Under the wide and starry sky,
Dig the grave and let me die.
Glad did I live and gladly die,
And I laid me down with a will.
—Robert Louis Stevenson, Requiem
When it comes to the right to die in the face of terminal illness, Congress has previously deferred to the states. Indeed, the liberty to relinquish life has thus far garnered limited congressional attention. Whether or not this will continue is uncertain.
After all, the right to die is closely aligned with the right to choose to terminate a pregnancy, wherein the sanctity of life features just as prominently. Both constitute leading moral issues of our time, comprising 2 sides of the same proverbial coin.
Viewed in this light, it is difficult to envisage how, in the long term, the right to die could elude the doctrinal and political minefields of the prochoice-prolife divide. Stated differently, congressionally mandated prohibition of assisted suicide may well be inevitable.
To further examine this possibility, consider recent congressional effort to override the Death With Dignity Act, enacted in November 2016 by the District of Columbia.
The Death with Dignity Act (B21-0038), the brainchild of Democratic Councilmember Mary M. Cheh, was passed by the Council of the District of Columbia on a vote of 11-2. After public hearings, committee reports, and multiple amendments, the bill ultimately was sent to the District of Columbia’s Mayor, Muriel Bowser. Just 3 days after a similar law, Proposition 106, the End of Life Options Act, went into effect in Colorado, Mayor Bowser signed the District’s bill into law on December 19, 2016. With this action, the District of Columbia became the seventh US jurisdiction to authorize physician aid in dying. As a consequence, as many as 1 in 5 US residents now live in a state (or district) where the liberty to die with assistance has been legalized.
State laws are deemed a settled matter, but in the District of Columbia, the US Constitution empowers Congress to “exercise exclusive Legislation in all Cases whatsoever, over such District…[that is] the Seat of the Government of the United States.” Moreover, under the District of Columbia Home Rule Act of 1973, Congress reserves the right “to exercise its constitutional authority” to amend or repeal any act passed by the Council of the District of Columbia within 30 legislative days. In a word, a bill signed into law by the Mayor of the District of Columbia may not go into effect until Congress says so.
Acting on this congressional prerogative, Rep Brad R. Wenstrup (R, Ohio), a podiatrist introduced the Disapproving the action of the District of Columbia Council in approving the Death with Dignity Act of 2016, which the House Oversight and Government Reform Committee voted 22-14 in favor of sending the measure to the House floor. A comparable Senate Joint Resolution introduced by Sen James P. Lankford (R, Oklahoma) was read by the Senate Committee on Homeland Security and Governmental Affairs but was never marked up. Neither resolution made it to a floor vote in the full House or the Senate by the statutory deadline. Only then did the District of Columbia’s Death With Dignity Act enacted by the District of Columbia go into effect, on February 18, 2017. Whether or not Congress plans to revisit the matter in the course of the annual appropriation process remains to be seen.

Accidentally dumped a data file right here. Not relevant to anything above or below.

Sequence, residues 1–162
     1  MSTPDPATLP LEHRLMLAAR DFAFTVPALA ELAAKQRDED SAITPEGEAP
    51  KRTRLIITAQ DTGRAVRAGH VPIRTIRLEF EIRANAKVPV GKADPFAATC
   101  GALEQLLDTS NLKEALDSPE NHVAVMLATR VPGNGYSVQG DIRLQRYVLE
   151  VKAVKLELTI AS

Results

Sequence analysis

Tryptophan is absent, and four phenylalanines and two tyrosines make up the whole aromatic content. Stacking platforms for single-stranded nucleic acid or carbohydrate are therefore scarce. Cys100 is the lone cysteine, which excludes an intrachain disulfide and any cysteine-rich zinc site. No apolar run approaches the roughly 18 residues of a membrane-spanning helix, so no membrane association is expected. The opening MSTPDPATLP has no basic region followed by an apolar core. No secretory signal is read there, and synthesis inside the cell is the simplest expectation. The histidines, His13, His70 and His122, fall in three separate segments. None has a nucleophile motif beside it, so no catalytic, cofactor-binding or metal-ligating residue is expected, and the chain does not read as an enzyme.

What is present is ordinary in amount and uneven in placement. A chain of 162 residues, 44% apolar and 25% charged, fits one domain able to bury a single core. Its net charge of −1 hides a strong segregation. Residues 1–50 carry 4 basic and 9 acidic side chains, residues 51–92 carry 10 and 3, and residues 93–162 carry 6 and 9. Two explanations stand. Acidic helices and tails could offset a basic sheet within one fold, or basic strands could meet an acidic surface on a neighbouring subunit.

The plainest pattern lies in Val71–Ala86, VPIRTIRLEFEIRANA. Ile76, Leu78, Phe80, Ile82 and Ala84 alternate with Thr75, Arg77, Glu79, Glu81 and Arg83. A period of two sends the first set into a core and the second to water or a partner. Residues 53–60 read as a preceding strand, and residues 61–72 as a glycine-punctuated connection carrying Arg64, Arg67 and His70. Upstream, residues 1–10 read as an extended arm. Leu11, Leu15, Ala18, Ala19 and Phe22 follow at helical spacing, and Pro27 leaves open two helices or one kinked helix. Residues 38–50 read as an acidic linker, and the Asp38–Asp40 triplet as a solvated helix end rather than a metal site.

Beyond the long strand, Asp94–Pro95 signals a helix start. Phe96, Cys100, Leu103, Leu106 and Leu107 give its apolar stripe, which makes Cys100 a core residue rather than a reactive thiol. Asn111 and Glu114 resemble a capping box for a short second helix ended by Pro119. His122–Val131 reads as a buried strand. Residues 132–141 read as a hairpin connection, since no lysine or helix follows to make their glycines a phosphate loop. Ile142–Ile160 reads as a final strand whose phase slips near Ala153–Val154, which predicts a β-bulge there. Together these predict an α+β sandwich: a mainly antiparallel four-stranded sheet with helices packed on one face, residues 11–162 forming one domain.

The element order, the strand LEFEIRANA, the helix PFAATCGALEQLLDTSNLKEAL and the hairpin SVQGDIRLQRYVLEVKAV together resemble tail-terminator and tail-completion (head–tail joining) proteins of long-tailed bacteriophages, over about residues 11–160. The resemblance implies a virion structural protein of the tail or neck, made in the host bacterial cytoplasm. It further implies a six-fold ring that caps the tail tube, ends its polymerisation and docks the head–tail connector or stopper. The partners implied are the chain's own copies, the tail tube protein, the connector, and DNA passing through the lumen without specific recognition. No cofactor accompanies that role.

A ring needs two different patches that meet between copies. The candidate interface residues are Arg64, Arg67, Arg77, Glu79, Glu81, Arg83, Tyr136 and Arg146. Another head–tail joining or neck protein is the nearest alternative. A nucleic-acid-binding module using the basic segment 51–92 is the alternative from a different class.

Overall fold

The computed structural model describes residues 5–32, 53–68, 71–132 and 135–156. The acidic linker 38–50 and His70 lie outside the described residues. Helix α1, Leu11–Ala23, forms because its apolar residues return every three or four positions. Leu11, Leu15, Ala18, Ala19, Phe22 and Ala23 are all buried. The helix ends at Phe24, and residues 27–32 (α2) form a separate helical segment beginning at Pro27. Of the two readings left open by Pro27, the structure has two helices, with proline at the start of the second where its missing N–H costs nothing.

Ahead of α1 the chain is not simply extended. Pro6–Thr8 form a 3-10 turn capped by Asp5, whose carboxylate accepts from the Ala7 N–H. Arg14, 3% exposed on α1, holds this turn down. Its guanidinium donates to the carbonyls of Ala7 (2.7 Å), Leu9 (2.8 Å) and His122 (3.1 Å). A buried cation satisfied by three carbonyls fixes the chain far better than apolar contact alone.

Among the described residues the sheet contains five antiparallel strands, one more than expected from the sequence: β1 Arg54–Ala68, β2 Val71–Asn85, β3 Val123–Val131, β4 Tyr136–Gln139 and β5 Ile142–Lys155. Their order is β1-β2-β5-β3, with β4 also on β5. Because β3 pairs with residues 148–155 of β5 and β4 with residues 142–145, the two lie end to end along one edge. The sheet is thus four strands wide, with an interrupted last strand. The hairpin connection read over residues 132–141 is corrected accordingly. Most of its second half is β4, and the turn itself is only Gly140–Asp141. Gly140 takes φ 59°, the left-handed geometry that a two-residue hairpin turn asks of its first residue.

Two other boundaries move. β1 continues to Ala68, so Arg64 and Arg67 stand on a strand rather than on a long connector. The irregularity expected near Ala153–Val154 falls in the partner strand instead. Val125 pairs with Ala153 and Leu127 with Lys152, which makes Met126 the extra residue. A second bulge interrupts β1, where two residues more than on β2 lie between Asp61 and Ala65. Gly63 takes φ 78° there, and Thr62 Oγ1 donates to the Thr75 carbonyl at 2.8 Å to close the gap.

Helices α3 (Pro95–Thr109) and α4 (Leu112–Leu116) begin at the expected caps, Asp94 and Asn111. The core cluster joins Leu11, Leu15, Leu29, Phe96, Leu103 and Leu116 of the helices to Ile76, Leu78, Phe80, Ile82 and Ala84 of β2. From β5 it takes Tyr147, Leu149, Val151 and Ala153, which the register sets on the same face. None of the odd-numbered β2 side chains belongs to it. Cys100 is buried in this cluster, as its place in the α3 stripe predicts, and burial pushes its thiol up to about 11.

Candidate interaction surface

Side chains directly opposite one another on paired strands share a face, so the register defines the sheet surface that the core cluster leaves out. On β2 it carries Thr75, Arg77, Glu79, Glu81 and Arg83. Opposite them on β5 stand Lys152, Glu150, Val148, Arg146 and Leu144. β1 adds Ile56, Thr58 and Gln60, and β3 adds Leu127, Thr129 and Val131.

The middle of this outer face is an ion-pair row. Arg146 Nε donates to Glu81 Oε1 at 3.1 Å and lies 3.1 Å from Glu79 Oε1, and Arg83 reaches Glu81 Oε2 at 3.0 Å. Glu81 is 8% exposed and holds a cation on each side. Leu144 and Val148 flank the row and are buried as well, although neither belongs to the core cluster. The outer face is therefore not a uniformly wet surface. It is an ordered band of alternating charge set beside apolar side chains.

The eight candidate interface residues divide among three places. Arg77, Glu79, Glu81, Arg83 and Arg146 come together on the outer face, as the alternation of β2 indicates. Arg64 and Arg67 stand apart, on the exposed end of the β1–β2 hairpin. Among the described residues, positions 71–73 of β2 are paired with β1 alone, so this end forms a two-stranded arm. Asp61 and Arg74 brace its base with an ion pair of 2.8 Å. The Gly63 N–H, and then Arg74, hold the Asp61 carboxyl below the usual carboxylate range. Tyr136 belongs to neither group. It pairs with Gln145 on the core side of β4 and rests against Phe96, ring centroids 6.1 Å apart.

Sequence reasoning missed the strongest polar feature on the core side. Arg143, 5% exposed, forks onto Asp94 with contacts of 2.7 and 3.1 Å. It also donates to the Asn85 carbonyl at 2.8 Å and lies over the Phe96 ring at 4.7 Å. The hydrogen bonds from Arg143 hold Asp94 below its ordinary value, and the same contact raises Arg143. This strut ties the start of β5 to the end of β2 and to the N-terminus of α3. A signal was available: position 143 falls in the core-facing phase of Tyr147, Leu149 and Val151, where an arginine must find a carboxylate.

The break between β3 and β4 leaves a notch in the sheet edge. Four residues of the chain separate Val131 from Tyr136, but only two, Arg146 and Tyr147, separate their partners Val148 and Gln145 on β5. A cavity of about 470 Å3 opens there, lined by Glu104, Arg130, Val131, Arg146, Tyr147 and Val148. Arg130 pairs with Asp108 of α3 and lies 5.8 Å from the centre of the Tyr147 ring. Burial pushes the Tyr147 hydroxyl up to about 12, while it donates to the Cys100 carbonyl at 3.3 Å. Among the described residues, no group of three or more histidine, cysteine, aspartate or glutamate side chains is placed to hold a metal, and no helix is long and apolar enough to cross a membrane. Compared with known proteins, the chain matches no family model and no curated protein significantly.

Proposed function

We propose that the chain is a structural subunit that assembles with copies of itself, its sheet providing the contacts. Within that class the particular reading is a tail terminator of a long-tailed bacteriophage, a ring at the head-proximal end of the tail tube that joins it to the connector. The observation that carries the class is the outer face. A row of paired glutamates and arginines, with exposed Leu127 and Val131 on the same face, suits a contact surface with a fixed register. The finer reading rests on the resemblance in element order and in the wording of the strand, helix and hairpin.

The reasons for the failed congressional override of the District of Columbia’s Death With Dignity Act are likely multiple. Apart and distinct from the glacial pace of the legislative congressional process, the resolution in question ran the risk of triggering a Democratic filibuster in the Senate. Moreover, the position of the White House on this matter was never clear. When asked, White House Press Secretary Sean Spicer did not indicate what President Trump’s position might be.
However, there is no underestimating the intensity of the convictions of those opposed to physician aid in dying. For example, Rep Jason E. Chaffetz (R, Utah), chair of the House Committee on Oversight and Government Reform, characterized the Death With Dignity Act as “misguided” and as one which may create “a marketplace for death.” Chaffetz went on to say that the United States “should never facilitate, encourage or tacitly accept measures that prematurely end the lives of its people.” Rep Steven D. Russell (R, Oklahoma) in turn offered that “only a twisted set of ethics can claim to dignify life while terminating it” and that “the legalization of a system of expanding murder-suicide pacts” must not be allowed. Rep Paul Mitchell (R, Michigan) for his part declared, “Only God gets to decide” when a life is to come to an end.
The recent dust-up over the right to die is likely but a taste of what political clashes may be in store. Indeed, it is not beyond the realm of possibility that the 115th Congress may enact a national moratorium on the practice of physician aid in dying. Congressional action along these lines will profoundly affect states wherein the right to die has previously been legalized.
Resultant legal battles are likely to end up at the US Supreme Court. If so, those pondering the fate of such cases should consider that current Supreme Court nominee Neil Gorsuch might well be involved in deciding such cases. In his 2008 book The Future of Assisted Suicide and Euthanasia, Gorsuch maintained that “human life is fundamentally and inherently valuable, and that the intentional taking of human life by private persons is always wrong.”
About the author: Eli Y. Adashi, MD, MS, is a professor of Medical Science and the former dean of Medicine and Biological Sciences at the Warren Alpert Medical School of Brown University in Providence, Rhode Island.
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